medal code j2820

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A VERY SCARCE CHINA 1842 TO AN OFFICER OF THE 49TH FOOT WHO WAS TWICE WOUNDED AT THE TAKING UNDER HORRENDOUS CONDITIONS OF THE TARTAR CITY OF CHIN KIANG FOO IN JULY 1842

CHINA 1842 ‘W. H. C. BADDELEY LIEUT. 49TH REGIMENT FOOT.’

William Henry Clinton Baddeley, was born in Colchester in on 4 March 1820. The son of Captain John Baddeley of Boston, USA, he was appointed Ensign in the 49th Foot on 11 October 1839. Promoted Lieutenant on 7 September 1841, he served with the 49th Regiment in China, 1840-43 and was present at Amoy, Chusan (2nd capture), Ningpo, Segoan, Chapoo, Woosung, and the taking of the Tartar city of Chin Kiang Foo. At the latter, he was twice wounded - once dangerously by a ball which fractured his thigh-bone. Baddeley was promoted Captain, 9 June 1846, Major, 6 November 1854 and retired as a Lieutenant-Colonel on 23 May 1855. He died in Cheltenham in November 1886.

THE TAKING OF THE TARTAR CITY OF FROM THE REGIMENTAL HISTORY CHIN KIANG FU JULY 1842

“…the fleet sailed on the 6th July, up the Yantse-Kiang River to Chin Kiang Fu on its right bank, where to the general surprise, it was found that the place was apparently deserted. On the 21st July orders issued for the whole force to land at daybreak next day. The 2nd Brigade was ordered to land first at the point North East of the city, attracting the enemy’s attention in that direction, whilst General Bartley with the 3rd Brigade landed North West of the city, and Lord Saltoun, with the 1st, landed still father West. The latter was to attach the Chinese entrenched position on the hills South West of the city. With this operation which was entirely successful, we need not deal. General Schoedde, with the 2nd Brigade, landed unopposed and occupied a commanding height three hundred yards from the North East corner of the city wall. Hearing heavy firing from the direction of the 3rd Brigade, he escaladed the wall and advanced towards the Western gate where the 3rd Brigade was engaged. He was strongly opposed by Tartar troops. Meanwhile, the 3rd Brigade reinforced by the 26th from Lord Soltoun’s Brigade, had moved from its landing place through the suburbs along the canal connecting the city with the river. Arriving in front of the walls towards the Western gate, a heavy fire of musketry and artillery was brought to bear on the Tartars manning the ramparts……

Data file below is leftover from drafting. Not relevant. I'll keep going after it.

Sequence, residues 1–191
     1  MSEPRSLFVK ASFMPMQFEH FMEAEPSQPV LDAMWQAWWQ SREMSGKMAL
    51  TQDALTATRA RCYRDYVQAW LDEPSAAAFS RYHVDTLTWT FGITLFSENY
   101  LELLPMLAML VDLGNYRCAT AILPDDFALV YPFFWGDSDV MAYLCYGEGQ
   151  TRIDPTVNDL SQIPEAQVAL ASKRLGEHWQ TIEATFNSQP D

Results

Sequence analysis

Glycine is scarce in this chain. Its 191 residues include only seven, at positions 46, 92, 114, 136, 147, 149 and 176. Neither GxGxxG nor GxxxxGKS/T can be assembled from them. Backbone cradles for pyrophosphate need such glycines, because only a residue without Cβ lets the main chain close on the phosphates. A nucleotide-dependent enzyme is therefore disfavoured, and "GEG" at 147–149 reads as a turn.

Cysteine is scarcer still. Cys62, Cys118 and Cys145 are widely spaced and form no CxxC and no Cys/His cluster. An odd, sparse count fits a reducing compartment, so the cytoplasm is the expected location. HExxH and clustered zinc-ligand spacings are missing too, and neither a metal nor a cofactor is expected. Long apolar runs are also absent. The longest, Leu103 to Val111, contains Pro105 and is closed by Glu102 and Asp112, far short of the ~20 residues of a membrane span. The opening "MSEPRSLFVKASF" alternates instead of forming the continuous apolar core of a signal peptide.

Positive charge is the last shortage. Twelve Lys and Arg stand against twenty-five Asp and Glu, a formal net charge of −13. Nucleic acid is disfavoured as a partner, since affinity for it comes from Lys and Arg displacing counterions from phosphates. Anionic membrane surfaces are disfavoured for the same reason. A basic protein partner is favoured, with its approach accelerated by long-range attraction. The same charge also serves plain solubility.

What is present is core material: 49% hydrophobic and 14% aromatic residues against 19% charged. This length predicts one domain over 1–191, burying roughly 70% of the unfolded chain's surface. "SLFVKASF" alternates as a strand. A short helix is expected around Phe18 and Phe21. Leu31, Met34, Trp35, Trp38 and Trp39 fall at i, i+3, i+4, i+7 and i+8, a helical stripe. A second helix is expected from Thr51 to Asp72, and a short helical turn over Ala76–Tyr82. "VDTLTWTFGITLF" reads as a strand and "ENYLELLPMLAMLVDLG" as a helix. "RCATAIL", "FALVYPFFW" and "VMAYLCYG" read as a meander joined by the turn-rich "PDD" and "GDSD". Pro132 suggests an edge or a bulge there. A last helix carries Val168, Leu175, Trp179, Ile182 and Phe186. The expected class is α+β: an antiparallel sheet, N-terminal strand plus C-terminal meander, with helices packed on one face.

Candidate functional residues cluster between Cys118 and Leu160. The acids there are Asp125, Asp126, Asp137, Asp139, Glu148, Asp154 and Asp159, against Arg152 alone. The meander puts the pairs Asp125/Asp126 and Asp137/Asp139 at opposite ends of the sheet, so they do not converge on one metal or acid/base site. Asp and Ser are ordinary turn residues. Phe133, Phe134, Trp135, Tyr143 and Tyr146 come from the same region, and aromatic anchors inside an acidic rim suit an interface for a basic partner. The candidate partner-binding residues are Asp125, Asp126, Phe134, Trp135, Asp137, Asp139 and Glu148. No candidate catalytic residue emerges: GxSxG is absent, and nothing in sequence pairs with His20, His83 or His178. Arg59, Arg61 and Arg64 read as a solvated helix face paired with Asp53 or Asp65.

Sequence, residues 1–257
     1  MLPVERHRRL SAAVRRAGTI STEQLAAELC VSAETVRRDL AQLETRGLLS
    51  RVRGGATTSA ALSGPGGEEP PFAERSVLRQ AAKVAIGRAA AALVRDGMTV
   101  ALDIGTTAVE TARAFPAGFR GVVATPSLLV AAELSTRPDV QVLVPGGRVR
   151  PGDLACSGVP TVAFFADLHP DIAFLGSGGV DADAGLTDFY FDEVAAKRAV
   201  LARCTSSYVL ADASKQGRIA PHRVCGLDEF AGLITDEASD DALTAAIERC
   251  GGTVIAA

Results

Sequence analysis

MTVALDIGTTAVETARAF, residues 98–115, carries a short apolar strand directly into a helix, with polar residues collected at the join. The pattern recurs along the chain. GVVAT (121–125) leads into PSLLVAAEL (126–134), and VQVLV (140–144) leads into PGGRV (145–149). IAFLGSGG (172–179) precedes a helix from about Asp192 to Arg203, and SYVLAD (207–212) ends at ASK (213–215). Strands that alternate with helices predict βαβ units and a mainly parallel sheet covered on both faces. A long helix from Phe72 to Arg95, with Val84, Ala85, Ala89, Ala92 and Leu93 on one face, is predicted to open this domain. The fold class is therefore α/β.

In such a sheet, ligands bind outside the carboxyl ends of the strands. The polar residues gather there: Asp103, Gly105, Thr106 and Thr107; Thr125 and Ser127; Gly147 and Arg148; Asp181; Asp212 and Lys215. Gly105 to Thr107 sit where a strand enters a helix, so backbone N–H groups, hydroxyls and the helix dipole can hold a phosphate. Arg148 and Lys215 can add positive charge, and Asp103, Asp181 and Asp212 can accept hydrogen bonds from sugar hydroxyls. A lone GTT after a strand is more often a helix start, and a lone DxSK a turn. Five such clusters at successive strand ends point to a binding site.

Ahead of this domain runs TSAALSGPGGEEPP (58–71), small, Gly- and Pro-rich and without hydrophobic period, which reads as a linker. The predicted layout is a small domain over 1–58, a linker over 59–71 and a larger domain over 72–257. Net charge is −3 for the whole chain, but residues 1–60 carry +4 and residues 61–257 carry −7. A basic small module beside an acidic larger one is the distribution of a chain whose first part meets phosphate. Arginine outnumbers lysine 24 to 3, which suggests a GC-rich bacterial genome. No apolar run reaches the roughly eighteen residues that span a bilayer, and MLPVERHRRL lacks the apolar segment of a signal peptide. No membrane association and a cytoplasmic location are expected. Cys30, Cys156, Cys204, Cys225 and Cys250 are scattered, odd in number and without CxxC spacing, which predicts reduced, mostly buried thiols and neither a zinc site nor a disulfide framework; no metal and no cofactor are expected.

SEE PDF FOR FULL WRITE UP

See the following website for an excellent summary of the China War:

https://www.britishempire.co.uk/forces/armycampaigns/asia/china/opiumwar.htm

Condition NVF, some contact wear. Fitted with contemporary silver swivel-bar suspension. Sold with copy chapter from the Regimental history on the China War. A very scarce Officer casualty medal.

Code J2820         Price £1985